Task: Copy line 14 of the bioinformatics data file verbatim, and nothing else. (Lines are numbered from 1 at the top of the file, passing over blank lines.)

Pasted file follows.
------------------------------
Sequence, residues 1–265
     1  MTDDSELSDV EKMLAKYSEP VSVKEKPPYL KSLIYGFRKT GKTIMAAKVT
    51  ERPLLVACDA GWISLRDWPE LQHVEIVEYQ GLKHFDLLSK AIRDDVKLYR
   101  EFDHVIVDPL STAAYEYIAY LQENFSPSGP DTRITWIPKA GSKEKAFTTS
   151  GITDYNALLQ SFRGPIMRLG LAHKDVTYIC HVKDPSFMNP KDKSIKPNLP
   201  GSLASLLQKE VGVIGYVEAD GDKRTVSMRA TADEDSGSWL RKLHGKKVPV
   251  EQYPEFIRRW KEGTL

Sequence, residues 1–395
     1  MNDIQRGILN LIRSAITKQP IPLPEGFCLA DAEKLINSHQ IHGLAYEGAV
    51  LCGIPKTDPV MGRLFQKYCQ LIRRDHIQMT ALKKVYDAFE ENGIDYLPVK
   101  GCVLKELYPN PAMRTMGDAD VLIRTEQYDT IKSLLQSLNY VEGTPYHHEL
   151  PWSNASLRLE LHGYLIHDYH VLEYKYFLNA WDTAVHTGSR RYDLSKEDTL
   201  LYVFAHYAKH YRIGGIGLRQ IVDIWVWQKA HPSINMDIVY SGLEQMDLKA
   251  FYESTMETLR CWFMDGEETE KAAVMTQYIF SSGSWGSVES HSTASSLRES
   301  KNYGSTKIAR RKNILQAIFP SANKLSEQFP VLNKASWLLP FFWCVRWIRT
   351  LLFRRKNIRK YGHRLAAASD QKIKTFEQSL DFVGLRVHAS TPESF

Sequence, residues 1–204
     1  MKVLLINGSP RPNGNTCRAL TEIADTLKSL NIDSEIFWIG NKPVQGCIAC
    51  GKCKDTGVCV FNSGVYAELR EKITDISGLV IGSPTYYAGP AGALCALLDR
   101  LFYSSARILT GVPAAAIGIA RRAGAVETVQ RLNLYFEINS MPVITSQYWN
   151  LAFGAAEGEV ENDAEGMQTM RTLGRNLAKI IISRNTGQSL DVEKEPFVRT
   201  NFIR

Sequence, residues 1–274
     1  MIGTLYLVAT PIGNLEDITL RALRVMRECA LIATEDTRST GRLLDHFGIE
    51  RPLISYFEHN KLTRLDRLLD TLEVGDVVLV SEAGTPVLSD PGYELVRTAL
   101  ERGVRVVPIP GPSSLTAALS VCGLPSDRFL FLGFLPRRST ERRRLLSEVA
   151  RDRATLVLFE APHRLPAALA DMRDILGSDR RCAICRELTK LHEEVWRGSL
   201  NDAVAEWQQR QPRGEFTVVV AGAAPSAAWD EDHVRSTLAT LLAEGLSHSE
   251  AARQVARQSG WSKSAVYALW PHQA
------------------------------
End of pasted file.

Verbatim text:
   251  FYESTMETLR CWFMDGEETE KAAVMTQYIF SSGSWGSVES HSTASSLRES